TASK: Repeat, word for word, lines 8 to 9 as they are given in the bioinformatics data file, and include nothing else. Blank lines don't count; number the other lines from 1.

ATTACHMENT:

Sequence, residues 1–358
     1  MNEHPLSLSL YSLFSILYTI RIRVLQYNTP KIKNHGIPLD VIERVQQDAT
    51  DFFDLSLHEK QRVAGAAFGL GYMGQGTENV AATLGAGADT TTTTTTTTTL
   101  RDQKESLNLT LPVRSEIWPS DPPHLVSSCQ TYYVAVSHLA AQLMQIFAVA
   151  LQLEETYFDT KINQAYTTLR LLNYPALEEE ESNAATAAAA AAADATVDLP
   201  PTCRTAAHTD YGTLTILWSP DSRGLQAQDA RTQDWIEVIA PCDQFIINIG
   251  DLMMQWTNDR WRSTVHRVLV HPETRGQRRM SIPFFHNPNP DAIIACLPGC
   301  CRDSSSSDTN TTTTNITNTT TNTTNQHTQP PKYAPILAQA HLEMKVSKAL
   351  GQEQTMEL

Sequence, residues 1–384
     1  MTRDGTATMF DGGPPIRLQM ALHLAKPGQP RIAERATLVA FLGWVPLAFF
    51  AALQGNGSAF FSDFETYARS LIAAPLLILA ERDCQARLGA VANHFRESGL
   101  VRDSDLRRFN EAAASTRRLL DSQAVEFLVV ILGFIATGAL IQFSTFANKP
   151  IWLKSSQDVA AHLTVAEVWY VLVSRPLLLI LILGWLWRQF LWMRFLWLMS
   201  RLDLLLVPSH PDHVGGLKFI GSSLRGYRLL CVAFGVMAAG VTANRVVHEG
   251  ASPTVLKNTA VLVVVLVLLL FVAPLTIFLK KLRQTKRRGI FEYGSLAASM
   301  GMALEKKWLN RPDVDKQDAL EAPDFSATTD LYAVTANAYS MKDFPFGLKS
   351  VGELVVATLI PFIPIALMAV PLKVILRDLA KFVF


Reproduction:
   301  CRDSSSSDTN TTTTNITNTT TNTTNQHTQP PKYAPILAQA HLEMKVSKAL
   351  GQEQTMEL